AI, primarily Machine Learning (ML), is driving progress in the evolution of the UI (User Interface) for TV’s and other consumer devices, alongside other aspects of the overall UX (User Experience).
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There is overlap between the UI and the wider user experience as far as ML is concerned, for example in emerging capabilities to match audio output to the user’s acoustic environment through adaptive feedback.
Another common thread is that many applications of AI or ML in the UI, feed off advances already made in other sectors, especially in the use of personal computers, smart phones, as well as enterprise IT. Past experiences in these sectors can help avoid mistakes such as overcomplicating the UI or introducing too much sophistication too soon. UI advances should be led by the longstanding principle that users should be given the shortest route possible to the content they want to watch, which is admittedly easier to state than to achieve.
There are though some unique UI aspects relating to traditional lean back TV viewing, which is still widespread despite the proliferation of access to video and TV services from portable wireless devices. At the same time, the overall viewing experience should be as consistent as possible, which is especially relevant for broadcasters, and providers of pay TV services whether these are legacy, subscription VoD or AvoD (Advertising VoD). In all these cases viewing may occur on devices of widely varying format, lean forward or lean back. On the one hand, users expect the idiosyncrasies of different devices to be catered for, yet they desire some common elements in navigation, search and recommendation. They expect their preferences to be taken into account and yet also have those determined partly by variable factors such as the device type, time of day, and even their location. A growing number of video service providers utilize ML to help personalize their UIs while catering for these variables.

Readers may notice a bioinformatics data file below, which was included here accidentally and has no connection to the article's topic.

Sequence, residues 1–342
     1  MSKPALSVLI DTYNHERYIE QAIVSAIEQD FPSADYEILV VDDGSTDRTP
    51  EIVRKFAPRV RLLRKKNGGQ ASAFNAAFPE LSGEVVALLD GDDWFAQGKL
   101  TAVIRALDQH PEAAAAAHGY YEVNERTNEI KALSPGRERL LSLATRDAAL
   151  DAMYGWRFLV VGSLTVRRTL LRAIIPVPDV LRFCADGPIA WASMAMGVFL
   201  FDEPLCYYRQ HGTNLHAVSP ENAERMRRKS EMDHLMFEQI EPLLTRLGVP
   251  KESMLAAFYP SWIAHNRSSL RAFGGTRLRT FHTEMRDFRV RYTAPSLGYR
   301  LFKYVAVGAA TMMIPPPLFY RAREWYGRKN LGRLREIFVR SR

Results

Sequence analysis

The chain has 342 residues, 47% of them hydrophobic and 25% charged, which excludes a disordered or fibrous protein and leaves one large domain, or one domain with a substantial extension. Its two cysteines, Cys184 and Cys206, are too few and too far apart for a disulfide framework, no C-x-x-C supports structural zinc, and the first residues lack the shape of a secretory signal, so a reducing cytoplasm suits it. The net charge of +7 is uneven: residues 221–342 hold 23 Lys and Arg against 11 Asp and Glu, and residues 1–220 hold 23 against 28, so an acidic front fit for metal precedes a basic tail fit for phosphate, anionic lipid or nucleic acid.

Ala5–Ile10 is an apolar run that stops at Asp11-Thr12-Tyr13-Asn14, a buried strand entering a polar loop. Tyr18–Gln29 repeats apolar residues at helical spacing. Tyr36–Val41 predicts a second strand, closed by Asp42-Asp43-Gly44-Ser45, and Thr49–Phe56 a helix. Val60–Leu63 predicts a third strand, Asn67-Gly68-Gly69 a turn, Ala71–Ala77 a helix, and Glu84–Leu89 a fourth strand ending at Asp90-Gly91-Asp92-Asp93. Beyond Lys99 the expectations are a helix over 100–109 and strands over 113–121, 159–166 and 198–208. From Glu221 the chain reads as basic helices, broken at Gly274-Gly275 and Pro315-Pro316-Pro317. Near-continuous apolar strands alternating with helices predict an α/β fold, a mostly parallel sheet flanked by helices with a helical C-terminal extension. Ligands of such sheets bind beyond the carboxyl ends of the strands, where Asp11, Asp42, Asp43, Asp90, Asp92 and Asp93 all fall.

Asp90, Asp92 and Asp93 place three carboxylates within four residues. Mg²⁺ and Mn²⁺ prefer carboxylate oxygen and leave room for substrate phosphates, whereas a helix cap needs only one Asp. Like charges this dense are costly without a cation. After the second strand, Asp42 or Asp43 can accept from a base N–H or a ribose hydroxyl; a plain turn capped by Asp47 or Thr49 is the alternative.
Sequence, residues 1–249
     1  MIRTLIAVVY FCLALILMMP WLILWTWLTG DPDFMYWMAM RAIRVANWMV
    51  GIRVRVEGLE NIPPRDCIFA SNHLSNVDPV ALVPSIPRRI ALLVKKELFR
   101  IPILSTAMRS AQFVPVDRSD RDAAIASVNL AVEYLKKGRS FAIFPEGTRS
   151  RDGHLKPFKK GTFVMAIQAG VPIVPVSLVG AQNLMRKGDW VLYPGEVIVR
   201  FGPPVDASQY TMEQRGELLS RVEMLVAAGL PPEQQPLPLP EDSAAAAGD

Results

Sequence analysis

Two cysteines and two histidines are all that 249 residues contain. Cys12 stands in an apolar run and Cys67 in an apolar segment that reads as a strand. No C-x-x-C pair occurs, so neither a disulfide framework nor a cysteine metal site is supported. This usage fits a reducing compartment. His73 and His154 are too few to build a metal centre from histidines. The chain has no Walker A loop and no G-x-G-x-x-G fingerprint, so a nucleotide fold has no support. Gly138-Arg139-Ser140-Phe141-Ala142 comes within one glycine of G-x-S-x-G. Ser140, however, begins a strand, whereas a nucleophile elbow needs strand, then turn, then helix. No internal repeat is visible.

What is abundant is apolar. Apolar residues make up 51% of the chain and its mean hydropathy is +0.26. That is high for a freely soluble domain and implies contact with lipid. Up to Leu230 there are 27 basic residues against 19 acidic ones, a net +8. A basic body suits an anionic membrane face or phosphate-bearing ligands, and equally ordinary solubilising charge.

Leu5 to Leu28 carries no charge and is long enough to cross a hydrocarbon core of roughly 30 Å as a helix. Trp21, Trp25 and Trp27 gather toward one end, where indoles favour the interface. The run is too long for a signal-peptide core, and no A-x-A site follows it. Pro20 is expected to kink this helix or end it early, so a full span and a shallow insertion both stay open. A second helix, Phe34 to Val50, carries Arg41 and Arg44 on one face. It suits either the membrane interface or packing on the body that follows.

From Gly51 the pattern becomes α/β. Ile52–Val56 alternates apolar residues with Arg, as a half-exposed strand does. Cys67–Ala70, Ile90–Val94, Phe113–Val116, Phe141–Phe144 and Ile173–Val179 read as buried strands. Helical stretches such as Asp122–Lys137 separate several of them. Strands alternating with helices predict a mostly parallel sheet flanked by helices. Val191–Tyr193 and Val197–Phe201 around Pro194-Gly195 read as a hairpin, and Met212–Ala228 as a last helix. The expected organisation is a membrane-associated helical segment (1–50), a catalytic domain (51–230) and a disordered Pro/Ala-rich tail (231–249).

A key aspect of the UI where ML is intimately involved lies in evolution of the traditional remote control and expansion of the TV domain across the home for control of other devices. There is a paradox here in that on the one hand viewing is fragmenting across myriad devices and platforms beyond the living room and yet the primary TV is finding new applications as the hub of smart homes and also for non-TV applications benefiting from the big screen, such as video conferencing.
The move towards smart internet connected TVs has fuelled this trend by making it easier to implement applications such as casting from mobile devices, while enabling some computationally intensive ML-based UI related tasks to be performed remotely in tandem with the TV’s own processing capabilities.
The other big UI trend is use of voice, which also straddles the different device platforms but is featuring increasingly as a bridge between the legacy remote and more advanced UI capabilities with more individual personalization enhanced by ML. The remote had become a drag on UI innovation to some extent by preserving the traditional clunky manipulation of on-screen menus through the D-pad (Directional Pad), the four-way controller with one button on each point that has been the mainstay of such devices.
LG’s Magic Remote features AI technology for speech processing but still has the legacy D-Pad. (Source LG).
The D-pad has been preserved largely out of the conservatism inherent in traditional TV with a reluctance to alienate established users, but with the effect of preventing lean back TV from being as fast and responsive as lean forward streaming services on single devices. The route to content is often much longer on the main TV than it is on the laptop or smart phone, even though the number of actual clicks or manoeuvres may not be so different.